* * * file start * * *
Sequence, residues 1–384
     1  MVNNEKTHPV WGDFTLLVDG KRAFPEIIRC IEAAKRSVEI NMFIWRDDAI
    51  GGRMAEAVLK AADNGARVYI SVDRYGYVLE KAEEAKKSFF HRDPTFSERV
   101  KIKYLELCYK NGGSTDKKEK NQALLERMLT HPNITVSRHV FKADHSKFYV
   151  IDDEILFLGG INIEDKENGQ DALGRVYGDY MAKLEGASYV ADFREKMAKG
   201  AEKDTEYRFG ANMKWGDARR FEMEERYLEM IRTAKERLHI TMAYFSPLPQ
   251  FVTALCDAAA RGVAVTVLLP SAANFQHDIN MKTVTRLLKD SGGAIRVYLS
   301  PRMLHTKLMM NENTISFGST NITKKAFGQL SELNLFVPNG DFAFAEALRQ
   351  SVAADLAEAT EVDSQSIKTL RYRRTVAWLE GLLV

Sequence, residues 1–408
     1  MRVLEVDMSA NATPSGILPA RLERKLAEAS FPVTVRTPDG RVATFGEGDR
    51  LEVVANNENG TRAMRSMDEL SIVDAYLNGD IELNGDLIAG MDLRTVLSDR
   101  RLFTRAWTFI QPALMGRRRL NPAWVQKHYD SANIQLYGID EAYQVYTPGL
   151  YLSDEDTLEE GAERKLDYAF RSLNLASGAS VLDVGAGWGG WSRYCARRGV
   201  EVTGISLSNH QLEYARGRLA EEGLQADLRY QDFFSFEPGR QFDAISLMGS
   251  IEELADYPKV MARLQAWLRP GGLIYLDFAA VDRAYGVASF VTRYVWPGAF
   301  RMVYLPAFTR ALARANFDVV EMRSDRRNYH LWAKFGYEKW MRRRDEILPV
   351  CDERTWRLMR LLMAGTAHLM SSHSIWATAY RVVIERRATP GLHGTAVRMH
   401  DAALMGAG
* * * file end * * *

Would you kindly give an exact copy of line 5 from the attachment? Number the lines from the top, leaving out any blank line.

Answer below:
   151  IDDEILFLGG INIEDKENGQ DALGRVYGDY MAKLEGASYV ADFREKMAKG